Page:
Former Bulgarian President Zhelyu Zhelev: Bulgaria Needs Strong Executive, Not Strong Hand

Novinite Insider » INTERVIEW | Author: Ivan Dikov |September 18, 2009, Friday // 16:57
Bulgaria: Former Bulgarian President Zhelyu Zhelev: Bulgaria Needs Strong Executive, Not Strong Hand Zhelyu Zhelev, President of Bulgaria, 1990-1997. Photo by Zhelyu Zhelev Foundation

Interview with Dr. Zhelyu Zhelev, Bulgaria's first democratically elected President after 1989.

Dr. Zhelev was born in 1935 in the village of Veselinovo near Shumen in northeast Bulgaria. He graduated with a degree in philosophy from Sofia University in 1958, repeatedly getting in trouble with the authorities of the communist regime in Bulgaria over his dissident writings and activities. In 1988, he founded the Club for Glasnost and Restructuring, and in 1989 - the Union of Democratic Force - the emblematic anti-communist political unions that played a crucial role in Bulgaria's post-communist Transition in the 1990s. On August 1, 1990, he was elected President of Bulgaria by the Grand National Assembly. On January 12, 1995, he was elected President of Bulgaria by the popular vote under the newly adopted Constitution, which established Bulgaria as a parliamentary republic. Dr. Zhelev served as President until January 1997. He has recently called for the establishing of a presidential republic in Bulgaria. This is just the first half of his exclusive interview for Novinite.com (Sofia News Agency), and it focuses on Bulgaria's current affairs. The second part will be released in the weeks to come, and is dedicated to Dr. Zhelev's memories from the beginning of Bulgaria's post-1989 Transition.

You are the first democratically elected President of the Republic of Bulgaria, and your opinion is respected by the Bulgarian people. Why have you recently put forth the idea of changing Bulgaria's form of government from a parliamentary to a presidential republic? What led you to call for that?

I have always insisted on this even though that in the period when I was the acting President of Bulgaria, I did not really insist that hard because some people always sought to create the impression that I was greedy for power. I was accused of aspiring to establish a personal regime, which was complete nonsense, of course, but at the beginning of the post-communist transition in the early 1990s such things were easily believed by the people in Bulgaria.

But now it is different, things have changed quite a bit since the crisis that we entered in 1996-1997. I have gradually formed this view that one of the reasons for the failure of the Bulgarian Transition in its economic dimension.

The presidential republic is much more appropriate for the countries in transition from communism to democracy and market economy, it is a lot more suitable for the solving the tasks they are faced with. And here I mean the European type of presidential republic established by General Charles de Gaul. In this system, the head of the government and the head of state are different persons, too, but the head of state has wider powers in the prerogatives of the executive branch, which creates a very robust and trouble-free mechanism of cogwheels. Because the Bulgarian Transition has been very hard, very complex, and it was extremely important for the executive to be proactive and consistent in carrying out reforms.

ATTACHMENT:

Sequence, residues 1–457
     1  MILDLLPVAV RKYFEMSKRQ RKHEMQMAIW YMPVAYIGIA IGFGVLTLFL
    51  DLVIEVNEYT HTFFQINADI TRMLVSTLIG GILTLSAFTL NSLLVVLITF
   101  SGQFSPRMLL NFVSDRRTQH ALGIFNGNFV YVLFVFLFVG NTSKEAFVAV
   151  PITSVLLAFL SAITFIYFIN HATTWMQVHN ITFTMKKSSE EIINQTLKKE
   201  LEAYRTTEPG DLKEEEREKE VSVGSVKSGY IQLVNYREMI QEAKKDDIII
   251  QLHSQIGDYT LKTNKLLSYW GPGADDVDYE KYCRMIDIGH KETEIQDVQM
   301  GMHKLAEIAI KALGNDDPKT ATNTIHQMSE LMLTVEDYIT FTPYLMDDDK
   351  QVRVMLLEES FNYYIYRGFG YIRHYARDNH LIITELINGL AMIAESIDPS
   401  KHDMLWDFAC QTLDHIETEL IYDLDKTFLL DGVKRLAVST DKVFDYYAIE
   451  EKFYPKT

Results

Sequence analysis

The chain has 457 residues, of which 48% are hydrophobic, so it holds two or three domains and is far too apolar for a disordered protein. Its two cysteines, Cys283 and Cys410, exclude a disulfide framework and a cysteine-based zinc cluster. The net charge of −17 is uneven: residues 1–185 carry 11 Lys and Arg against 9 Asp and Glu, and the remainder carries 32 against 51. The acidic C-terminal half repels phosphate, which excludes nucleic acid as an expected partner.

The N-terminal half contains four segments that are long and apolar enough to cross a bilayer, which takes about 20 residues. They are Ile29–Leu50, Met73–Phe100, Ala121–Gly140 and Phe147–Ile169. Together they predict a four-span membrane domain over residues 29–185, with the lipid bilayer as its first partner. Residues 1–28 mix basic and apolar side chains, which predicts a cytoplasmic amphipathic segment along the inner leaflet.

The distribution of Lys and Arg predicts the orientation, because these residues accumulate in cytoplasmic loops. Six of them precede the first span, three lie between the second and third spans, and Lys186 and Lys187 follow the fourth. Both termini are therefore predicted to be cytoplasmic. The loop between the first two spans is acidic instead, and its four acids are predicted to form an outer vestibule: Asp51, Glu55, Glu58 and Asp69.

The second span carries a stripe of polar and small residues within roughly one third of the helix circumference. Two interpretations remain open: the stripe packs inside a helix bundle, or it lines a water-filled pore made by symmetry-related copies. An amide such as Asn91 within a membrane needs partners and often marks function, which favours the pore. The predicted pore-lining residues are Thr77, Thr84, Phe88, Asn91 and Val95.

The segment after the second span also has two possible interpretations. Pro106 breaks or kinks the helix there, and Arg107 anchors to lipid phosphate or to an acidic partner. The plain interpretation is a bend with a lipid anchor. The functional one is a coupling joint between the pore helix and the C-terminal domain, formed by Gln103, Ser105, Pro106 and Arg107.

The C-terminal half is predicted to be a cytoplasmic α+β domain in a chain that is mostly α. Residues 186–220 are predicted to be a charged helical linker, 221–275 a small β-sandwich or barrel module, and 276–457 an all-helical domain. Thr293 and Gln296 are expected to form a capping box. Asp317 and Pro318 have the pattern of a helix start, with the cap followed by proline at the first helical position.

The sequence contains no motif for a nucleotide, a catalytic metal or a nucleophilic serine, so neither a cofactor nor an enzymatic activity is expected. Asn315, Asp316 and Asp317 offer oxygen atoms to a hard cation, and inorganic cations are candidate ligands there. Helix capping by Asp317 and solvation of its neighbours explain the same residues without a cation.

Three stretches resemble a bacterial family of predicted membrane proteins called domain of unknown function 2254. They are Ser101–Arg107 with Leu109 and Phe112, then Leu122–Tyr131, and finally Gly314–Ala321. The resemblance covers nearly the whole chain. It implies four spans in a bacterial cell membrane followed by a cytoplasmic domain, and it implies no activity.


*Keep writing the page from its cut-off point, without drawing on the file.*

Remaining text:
What are the flows of the parliamentary republic system that we currently have? Why do you think the presidential system would be better?

In the case of the parliamentary republic that our Grand National Assembly established in 1991, the executive is somehow very loose, unorganized, and not proactive enough. In the period of transition, this branch of power is the most important because you may have great laws adopted by the Parliament - for example, about restitution, privatization, restructuring of the economy, etc. However, if the executive does not apply those laws quick and without any hesitation, things gradually start to crumble.

On top of that, in the conditions of the post-communist Transition, the parliamentary republic has proved to be a form of government lacking in personal responsibility. Let's say certain things happen based on the laws adopted by the Parliament. But once those laws are voted, no one is personally responsible. Collective responsibility is collective irresponsibility. You can't seize anyone by the collar, and tell them, "You adopted this law, you are responsible"; and that usually has long-term consequences resulting in harsh impact on most of the people.

Do you have any examples from your experience proving this point - i.e. that the presidential republic is superior?

When I was first elected President by the Grand National Assembly in 1990, I actually started working on the basis of the old constitution of communist dictator Todor Zhivkov repaired by the Round Table (i.e. the forum of communists and dissidents that was set up to seek reconciliation between those two groups in Bulgaria in 1990 - editor's note). Of course all of those idiotic stuff about the leading role of the Bulgarian Communist Party (BCP), the requirement that kids and youth should be raised with love for the Soviet Union, was removed. There were 26 or 27 articles with this ideological provisions that we removed from the Constitution as soon as we scrapped the leading role of the BCP.